GovDelivery is already setup so that anyone new signing up to updates from any topic within your organization can automatically be shown the updates from your office (For example: just like Amazon cross promotes products, someone can sign up for the “Mayor’s Newsletter” and the “Mayor’s Transit Initiatives” right after they sign up for “Snow Emergency Alerts” from Public Works).  In addition to cross promoting signing up to your office’s content to people visiting your organization’s website, GovDelivery makes it possible to collaborate with other government organizations to reach even more people through the GovDelivery Network.

Your potential outreach may be much larger in this new position, and we hope some of these tips help you capitalize on the opportunity to reach more people and communicate in a world-class manner in your new role as office holder or staff member. By using GovDelivery to get the word out and keep your stakeholders informed, you can cross “successful digital communications” off your list… before you even take office.

Check out our Email Best Practices Guide and our Digital Outreach Guide to gain more best practices.

As powerful winter storms sweep across the United States, receiving critical safety information can mean life or death for some. With over 67%* of the US covered in snow this week, government entities across the US are hunkered down, making sure the public gets the information and resources they need to make life-saving decisions about travel, shelter, and more.

In Minnesota, the cities of Minneapolis and St. Paul began promoting their winter weather communications weeks ago. While government organizations typically use various channels to post weather information (like social media), the main focus in these cities was to collect subscribers by requesting email addresses and phone numbers in advance, through print mailers, television, and radio advertisements. By continuously building lists they own, these two cities ensure they can communicate with, and actually reach, the largest number of people possible (instead of hoping citizens saw a Facebook post or tweet about winter weather).SnowMailers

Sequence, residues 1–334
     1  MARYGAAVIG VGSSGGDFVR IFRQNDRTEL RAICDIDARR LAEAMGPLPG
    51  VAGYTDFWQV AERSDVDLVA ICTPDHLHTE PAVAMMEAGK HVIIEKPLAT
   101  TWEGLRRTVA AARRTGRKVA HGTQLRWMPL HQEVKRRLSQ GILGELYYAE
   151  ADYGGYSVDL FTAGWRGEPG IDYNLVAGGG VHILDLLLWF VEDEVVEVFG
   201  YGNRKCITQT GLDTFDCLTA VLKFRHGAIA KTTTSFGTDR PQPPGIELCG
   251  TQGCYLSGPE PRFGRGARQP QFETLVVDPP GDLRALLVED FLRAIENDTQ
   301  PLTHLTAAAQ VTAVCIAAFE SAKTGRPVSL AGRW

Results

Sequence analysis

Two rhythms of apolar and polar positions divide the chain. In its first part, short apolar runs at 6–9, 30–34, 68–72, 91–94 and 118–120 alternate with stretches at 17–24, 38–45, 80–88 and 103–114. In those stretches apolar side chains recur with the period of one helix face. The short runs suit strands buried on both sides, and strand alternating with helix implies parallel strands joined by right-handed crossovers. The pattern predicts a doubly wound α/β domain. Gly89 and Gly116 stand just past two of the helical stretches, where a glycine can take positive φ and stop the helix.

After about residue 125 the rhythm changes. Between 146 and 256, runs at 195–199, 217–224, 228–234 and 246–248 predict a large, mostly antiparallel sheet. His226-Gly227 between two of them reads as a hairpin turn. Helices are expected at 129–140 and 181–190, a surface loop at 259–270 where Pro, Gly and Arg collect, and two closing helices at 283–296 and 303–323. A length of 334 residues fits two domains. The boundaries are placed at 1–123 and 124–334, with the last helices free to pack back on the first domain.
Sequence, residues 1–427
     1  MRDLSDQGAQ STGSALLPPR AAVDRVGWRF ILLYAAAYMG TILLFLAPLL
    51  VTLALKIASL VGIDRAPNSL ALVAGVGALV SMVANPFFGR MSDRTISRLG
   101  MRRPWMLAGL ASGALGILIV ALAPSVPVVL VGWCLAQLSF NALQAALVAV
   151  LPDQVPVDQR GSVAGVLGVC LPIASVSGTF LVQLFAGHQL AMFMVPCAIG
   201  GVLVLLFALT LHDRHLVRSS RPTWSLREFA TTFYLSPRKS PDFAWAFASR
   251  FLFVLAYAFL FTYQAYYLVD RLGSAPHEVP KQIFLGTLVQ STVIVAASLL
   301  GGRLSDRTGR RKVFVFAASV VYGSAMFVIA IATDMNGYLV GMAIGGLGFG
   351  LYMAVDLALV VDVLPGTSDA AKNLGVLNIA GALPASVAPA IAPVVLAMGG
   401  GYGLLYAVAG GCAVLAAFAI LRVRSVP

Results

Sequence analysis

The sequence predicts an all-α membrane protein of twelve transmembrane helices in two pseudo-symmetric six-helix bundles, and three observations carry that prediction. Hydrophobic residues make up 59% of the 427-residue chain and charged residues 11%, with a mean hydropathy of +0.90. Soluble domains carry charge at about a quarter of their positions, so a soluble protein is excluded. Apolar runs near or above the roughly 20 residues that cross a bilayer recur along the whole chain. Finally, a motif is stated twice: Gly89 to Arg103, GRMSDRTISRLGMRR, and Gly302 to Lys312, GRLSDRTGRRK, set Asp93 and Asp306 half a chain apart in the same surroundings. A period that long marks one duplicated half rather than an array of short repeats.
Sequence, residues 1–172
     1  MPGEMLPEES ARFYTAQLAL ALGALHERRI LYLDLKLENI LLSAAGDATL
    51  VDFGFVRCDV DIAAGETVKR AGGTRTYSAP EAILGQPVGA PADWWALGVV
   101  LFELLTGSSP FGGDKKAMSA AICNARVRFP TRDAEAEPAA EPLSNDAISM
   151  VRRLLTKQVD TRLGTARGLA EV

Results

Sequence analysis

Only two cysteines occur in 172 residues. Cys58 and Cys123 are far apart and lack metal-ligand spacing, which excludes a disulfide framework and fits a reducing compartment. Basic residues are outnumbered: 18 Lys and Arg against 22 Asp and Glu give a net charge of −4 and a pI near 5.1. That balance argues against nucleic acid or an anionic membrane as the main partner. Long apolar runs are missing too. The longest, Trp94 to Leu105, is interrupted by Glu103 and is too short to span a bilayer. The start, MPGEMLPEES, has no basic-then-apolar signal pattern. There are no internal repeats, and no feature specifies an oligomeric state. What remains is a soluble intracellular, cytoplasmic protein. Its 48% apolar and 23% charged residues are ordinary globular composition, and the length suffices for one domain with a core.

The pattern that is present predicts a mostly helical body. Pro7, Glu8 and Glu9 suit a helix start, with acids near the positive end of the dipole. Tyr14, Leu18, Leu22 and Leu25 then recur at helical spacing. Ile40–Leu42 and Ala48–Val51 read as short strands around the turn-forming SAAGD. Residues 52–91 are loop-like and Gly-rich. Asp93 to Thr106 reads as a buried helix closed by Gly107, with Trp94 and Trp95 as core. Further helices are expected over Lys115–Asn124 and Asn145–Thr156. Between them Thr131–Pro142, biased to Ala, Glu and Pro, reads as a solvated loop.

In addition to reaching out before the winter season begins, another imperative moment to collect subscribers is when a storm actually hits. A flurry of traffic will flow into government web properties, creating the perfect opportunity to get a larger percentage of the population signed up to inclement weather information.

The City of Minneapolis also offers a contextual sign-up link on all of its winter weather information web pages to grab the attention of anyone looking for snow information while browsing the website. This is the best opportunity to convert web visitors into direct subscribers of their digital information. And by cross-promoting other subscription topics from the city to those who sign up for snow information, Minneapolis is able to grow its audience for many other departments such as public safety, transportation, or parks and recreation.

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Over the past few days, hundreds of thousands of email and SMS alerts were sent by government organizations using GovDelivery to warn members of the public about impending severe weather. Through email and SMS messages, organizations are able to alert subscribers days or hours in advance of approaching storms. Using GovDelivery automation tools, Maine Emergency Management Agency and the City of Baltimore were able to trigger these messages using localized content from the National Weather Service. If someone is traveling or unable to get information from a televised weather report, an email to their inbox or  SMS text message to their phone is the most efficient way to proactively inform them.

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Keeping travelers safe in the midst of slippery roads, downed trees, or detours also requires mass communication. State agencies like Oregon Department of Transportation send winter weather driving warnings and preparation tips.